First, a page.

New Palm handheld targets enterprise

Targeting enterprise-class users, Palm Canada unveiled the Tungsten C on Wednesday, a handheld device with built in Wi-Fi high-speed connectivity.

While the device will not be available until the first week of May in Canada, Michael Moskowitz, president of Palm Canada, said the Tungsten C is a “powerful enterprise work force.”

Within the Canadian market, the Tungsten C specifically targets home networking users, hot spot users and users within corporate offices, Moskowtiz said. Hot spots are public places that give people wireless access.

As wireless connectivity in places such as airports, hotels and offices becomes commonplace, hot spot access has exploded, he said. So, the new Wi-Fi feature on the PDA, helps to extend wireless connectivity for those corporate employees who travel, and frequently use hot spots.

Travelling corporate users often find themselves going from meeting to meeting and office to office, and with the Tungsten C, they can stay connected all the time. “It’s convenient and it’s inconspicuous whereby you can check your messages from meeting-to-meeting,” Moskowitz said.

The Tungsten C, which is listed at $749, falls in place with Palm’s business product line and is the company’s first device to offer integrated Wi-Fi, or 802.11b for wireless connectivity. It includes the 5.2 Palm operating system, 64MB of memory and uses a 400MHz Intel XScale handheld processor.

From an enterprise perspective, Moskowtiz says the device has the most memory of any Palm OS handheld on the market, and there is also an expansion slot to add more.

It includes a 320×320 pixel transflective screen that can be used indoors and outdoors. The Tungsten C also integrates business applications such as DataViz Documents To Go Professional Edition 5.1 for Word, Excel and has PowerPoint-compatible document handling. The proxyless Web browser supports HTML, JavaScript and the device also includes additional software features.

Battery power is an internal rechargeable 1500mAh battery, which provides a full workday, or 10 hours, of Wi-Fi connectivity, Palm said.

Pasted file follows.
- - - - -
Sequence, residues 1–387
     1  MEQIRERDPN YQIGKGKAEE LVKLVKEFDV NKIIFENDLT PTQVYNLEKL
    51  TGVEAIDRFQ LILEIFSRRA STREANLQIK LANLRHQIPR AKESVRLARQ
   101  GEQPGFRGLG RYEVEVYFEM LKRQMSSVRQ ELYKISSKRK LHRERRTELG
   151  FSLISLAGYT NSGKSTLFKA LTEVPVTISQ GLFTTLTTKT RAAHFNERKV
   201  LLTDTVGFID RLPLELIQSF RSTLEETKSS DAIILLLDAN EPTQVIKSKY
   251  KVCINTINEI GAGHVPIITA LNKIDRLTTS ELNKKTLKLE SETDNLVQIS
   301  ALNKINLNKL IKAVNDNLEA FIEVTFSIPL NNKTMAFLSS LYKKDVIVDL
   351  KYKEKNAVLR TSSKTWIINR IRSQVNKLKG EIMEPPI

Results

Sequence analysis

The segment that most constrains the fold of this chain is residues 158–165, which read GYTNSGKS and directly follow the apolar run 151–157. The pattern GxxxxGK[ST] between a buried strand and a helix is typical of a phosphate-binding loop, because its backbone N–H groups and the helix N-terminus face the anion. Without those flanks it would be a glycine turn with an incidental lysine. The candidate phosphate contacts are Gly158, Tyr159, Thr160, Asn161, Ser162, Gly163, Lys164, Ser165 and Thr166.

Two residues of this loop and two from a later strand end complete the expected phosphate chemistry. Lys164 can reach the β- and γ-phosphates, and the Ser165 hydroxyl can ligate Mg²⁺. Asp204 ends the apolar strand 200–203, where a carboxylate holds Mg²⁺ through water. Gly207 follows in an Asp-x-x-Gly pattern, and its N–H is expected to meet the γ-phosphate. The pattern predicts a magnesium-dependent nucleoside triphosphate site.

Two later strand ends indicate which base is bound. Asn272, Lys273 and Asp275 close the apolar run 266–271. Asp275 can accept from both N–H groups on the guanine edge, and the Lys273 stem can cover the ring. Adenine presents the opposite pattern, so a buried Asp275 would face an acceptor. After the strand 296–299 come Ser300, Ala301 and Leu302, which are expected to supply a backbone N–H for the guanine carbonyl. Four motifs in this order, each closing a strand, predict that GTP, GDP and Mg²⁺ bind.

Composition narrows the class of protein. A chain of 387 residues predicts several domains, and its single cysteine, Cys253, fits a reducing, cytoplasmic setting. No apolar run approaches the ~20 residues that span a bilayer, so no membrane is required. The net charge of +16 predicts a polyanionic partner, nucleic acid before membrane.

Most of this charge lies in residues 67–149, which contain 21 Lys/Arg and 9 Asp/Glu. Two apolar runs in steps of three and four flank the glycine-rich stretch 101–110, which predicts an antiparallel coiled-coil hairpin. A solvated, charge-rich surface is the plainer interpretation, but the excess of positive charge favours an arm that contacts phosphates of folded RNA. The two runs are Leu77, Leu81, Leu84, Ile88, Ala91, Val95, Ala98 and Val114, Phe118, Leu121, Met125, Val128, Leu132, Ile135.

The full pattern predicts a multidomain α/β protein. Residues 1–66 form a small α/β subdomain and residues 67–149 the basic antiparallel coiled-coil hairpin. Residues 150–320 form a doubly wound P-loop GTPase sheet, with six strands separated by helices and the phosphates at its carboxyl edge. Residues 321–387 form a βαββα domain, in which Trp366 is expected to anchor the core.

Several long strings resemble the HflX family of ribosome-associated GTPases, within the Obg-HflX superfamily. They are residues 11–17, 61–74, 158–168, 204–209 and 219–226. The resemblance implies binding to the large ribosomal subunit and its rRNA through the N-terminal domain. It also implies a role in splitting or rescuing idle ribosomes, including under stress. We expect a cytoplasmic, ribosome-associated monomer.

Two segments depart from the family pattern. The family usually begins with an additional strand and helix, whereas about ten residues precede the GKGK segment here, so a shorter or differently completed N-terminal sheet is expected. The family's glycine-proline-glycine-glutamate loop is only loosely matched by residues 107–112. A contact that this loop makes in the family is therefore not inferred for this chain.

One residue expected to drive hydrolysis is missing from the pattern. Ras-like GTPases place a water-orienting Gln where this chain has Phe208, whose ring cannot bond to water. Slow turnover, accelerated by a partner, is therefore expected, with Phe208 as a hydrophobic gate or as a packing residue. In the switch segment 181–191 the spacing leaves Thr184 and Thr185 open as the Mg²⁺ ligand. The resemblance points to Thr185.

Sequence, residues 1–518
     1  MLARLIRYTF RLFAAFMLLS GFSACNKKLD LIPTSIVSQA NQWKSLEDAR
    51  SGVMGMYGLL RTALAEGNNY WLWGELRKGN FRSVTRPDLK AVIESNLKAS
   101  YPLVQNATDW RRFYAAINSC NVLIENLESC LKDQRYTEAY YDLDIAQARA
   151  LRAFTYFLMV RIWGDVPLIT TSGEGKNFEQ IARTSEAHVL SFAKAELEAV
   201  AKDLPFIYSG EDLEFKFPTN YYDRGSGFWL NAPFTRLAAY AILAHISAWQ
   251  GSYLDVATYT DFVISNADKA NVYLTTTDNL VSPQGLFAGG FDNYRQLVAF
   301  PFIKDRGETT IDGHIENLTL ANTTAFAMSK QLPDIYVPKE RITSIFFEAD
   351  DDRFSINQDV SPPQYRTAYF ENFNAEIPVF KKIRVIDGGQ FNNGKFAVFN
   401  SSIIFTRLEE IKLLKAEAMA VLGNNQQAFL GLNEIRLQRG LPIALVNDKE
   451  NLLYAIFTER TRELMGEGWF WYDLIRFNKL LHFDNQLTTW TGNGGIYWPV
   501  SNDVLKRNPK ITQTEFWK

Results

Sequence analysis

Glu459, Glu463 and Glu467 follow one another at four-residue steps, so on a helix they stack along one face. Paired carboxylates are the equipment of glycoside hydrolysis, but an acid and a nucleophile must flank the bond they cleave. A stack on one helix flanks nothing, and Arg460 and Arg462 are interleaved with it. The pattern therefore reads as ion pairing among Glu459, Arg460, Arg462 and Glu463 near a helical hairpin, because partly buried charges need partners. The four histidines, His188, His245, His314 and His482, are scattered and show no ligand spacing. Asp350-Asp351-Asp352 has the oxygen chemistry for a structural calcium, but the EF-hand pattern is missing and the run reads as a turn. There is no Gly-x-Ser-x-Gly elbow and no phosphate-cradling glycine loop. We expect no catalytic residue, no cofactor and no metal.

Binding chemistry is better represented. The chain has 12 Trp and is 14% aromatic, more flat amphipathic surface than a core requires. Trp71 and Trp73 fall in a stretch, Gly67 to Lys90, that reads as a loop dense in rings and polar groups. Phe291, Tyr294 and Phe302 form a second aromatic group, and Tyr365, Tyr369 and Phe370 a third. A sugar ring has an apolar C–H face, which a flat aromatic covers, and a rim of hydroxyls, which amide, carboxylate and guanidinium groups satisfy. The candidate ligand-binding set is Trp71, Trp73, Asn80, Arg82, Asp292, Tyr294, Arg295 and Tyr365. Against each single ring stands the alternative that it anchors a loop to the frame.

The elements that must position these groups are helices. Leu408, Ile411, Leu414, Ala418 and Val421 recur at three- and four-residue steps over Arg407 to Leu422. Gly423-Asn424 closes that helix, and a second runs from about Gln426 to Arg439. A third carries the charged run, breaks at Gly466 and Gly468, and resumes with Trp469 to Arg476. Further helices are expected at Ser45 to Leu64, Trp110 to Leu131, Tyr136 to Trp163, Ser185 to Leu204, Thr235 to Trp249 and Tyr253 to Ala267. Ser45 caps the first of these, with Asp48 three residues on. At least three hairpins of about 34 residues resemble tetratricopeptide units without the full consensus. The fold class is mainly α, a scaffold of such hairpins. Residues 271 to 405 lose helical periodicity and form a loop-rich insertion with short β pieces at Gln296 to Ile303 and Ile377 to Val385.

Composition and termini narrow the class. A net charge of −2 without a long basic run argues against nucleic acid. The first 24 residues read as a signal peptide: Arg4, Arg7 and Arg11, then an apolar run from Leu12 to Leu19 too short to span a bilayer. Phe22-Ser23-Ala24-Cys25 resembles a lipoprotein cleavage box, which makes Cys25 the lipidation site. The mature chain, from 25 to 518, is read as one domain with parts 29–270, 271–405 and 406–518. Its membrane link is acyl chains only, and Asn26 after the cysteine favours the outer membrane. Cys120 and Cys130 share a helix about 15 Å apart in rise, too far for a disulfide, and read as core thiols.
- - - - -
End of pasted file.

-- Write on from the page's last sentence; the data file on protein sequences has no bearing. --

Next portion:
Security is something Palm considered with the Tungsten C, Moskowtiz said, and the handheld offers strong protection right out of the box. It has a timeout feature, built-in point-to-point tunnelling protocol, 128-bit encryption technology and password-character blocking

Boston-based Ken Hyers, senior analyst in the mobile data service at In-Stat\MDR says there is a lot of interest in integrating Wi-Fi in handheld devices right now, but at the same time many enterprises in Canada and the U.S. are taking a slow approach to how they deploy it.

“They are interested, but they haven’t made up their minds if this is technology they are going to deploy on a widespread basis,” he said, adding that there is a question of need and security surrounding the PDAs.

While security issues have been addressed for the most part, Hyers says there must be a demonstrable need for the technology. “There are certain cases where employees need to be mobile…but this isn’t a technology that every employee needs to have a PDA.”

By incorporating the Wi-Fi technology in the PDA Hyers says that the Tungsten C provides more flexibility to the Palm line.

In Canada, the handheld market has a lot of growth opportunities. However, Hyers says the market is being divided into high-end, for enterprise and has experienced a lot of growth recently with low-end products such as the Palm Zire, which also received some attention Wednesday.

In conjunction with the Tungsten announcement, Palm unveiled the Zire 71, with a built-in digital camera. The company said the PDAs are available in stores now with an estimated street price of $449. The device targets young professionals and can play digital audio files. It also includes 320×320 pixel display and 16MB of memory.

In other wireless news, Helwett Packard Co., is expected to unveil its new iPaq h2200 PDA on May 30.

Palm Canada, headquartered in Toronto, is online at